An international team of scientists has developed a method that will allow scientists to gauge the shock wave that results from a star's supernova explosion.
By analyzing the remnants of the supernova of the star SN1987A using data collected by NASA's Chandra X-ray Observatory, the team was able to confirm the temperature up to the heaviest atom. They were able to create a model of the supernova that answers long-standing questions about shock waves and the physical processes that take place behind the explosion.
"Supernova explosions and their remnants provide cosmic laboratories that enable us to explore physics in extreme conditions that cannot be duplicated on Earth," stated David Burrows, a professor of astronomy and astrophysics at Penn State University and an author of the study.
The findings were published in the journal Nature Astronomy on Monday, Jan. 21.
Death Of A Star
For the study, the researchers referred to the available data from the explosive death of a star located in the Large Magellanic Cloud. The light of the supernova SN1987A first reached Earth on Feb. 23, 1987, and since then, have been observed by scientists at all wavelengths of light.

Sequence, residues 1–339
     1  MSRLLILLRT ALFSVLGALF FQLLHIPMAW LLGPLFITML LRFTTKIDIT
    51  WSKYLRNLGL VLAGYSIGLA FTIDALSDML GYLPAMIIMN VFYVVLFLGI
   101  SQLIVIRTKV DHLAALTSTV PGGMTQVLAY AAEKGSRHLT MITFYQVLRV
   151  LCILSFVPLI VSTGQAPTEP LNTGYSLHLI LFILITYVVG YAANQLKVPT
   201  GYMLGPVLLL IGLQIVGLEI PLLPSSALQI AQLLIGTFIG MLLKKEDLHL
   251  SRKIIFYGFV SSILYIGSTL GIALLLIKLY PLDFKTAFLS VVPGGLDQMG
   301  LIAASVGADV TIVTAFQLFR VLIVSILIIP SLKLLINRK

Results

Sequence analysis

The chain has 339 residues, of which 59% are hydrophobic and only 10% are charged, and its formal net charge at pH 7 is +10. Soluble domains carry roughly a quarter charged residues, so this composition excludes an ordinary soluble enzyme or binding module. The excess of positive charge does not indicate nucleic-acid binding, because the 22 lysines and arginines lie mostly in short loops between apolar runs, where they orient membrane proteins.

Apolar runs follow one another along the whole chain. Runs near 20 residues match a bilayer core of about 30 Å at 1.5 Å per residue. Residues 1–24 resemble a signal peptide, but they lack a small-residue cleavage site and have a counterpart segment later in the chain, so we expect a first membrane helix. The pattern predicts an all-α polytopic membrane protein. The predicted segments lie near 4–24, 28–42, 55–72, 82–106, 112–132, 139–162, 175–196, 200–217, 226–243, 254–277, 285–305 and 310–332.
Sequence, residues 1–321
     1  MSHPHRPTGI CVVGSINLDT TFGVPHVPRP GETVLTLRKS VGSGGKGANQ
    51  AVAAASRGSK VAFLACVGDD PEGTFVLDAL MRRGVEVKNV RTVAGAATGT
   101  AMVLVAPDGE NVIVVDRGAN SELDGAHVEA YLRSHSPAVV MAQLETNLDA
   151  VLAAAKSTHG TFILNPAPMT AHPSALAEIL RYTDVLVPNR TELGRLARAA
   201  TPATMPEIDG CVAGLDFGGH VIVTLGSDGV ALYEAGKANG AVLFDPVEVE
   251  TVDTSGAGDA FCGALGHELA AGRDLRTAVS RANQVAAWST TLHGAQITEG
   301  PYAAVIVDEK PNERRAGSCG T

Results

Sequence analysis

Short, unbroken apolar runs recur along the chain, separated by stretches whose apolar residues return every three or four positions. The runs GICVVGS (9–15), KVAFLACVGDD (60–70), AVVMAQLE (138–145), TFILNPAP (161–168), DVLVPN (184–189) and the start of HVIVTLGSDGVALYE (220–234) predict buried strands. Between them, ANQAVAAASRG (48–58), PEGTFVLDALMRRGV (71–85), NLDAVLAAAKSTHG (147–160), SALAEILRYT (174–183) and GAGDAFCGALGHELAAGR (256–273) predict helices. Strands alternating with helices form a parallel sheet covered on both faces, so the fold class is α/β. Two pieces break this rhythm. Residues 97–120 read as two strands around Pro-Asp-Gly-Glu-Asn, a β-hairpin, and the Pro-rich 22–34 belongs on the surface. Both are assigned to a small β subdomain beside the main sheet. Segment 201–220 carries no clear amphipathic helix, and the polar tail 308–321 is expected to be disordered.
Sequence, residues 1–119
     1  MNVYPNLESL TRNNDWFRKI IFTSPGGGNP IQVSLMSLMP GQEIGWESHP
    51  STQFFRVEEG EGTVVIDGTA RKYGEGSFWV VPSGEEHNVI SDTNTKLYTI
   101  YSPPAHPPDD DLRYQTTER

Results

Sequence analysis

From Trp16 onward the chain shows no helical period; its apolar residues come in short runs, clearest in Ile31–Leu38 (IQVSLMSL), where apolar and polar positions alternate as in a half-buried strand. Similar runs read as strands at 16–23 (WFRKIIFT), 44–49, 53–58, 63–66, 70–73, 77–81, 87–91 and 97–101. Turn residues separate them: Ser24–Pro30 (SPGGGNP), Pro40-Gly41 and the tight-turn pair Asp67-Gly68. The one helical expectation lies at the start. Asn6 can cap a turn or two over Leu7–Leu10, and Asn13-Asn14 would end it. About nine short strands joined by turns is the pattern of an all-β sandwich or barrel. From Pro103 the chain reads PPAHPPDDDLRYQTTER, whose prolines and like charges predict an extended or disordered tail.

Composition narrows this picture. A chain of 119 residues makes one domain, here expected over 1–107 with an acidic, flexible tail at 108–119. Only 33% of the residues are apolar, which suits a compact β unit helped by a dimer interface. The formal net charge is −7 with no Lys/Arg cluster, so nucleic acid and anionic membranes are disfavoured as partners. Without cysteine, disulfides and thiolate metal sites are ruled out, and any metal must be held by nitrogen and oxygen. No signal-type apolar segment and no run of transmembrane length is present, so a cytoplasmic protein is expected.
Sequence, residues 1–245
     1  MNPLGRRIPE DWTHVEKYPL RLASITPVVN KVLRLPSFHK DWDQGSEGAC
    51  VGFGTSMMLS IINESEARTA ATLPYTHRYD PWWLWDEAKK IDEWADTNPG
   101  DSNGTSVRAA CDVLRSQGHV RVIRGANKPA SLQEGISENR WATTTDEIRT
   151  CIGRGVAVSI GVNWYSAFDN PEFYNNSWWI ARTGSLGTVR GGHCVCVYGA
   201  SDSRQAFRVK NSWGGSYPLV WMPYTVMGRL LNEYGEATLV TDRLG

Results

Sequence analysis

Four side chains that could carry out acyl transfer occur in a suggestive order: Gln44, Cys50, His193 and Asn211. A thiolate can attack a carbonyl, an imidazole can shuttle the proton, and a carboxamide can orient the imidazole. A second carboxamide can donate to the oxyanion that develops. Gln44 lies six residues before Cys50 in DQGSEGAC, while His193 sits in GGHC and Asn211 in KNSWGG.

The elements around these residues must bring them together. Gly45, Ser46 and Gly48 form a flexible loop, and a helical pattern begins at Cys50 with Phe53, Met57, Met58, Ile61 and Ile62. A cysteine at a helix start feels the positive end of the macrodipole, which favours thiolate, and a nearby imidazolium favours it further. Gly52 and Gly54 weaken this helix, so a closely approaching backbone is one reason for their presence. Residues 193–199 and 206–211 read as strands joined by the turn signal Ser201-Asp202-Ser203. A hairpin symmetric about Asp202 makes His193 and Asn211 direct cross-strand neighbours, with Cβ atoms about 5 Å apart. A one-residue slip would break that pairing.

A supernova is the largest explosion that can take place in space. It happens at the end of the lifetime of a star, when it runs out of nuclear fuel, collapses in itself, resulting in a giant explosion that propels materials outwards at speeds of up to one-tenth of the speed of light. A supernova explosion pushes shock waves into the surrounding interstellar gas, heating the cool, slow-moving gas to millions of degrees that can be detected from Earth.
The researchers are interested in the shock fronts, which have been extensively probed in the Earth's atmosphere where it happens in an extremely narrow region. In space, they explain that shock fronts happen slowly and do not affect all atoms in the same way.
To measure the atomic temperature of different elements, the researchers created three-dimensional numerical simulations of the supernova from the onset to its current stage and compared the data with X-ray observations made by Chandra.
Better Understanding Of Supernovae
"We can now accurately measure the temperatures of elements as heavy as silicon and iron, and have shown that they indeed do follow the relationship that the temperature of each element is proportional to the atomic weight of that element," explained Burrows.
The research contributes to the current understanding of astrophysical shock waves and the shock process.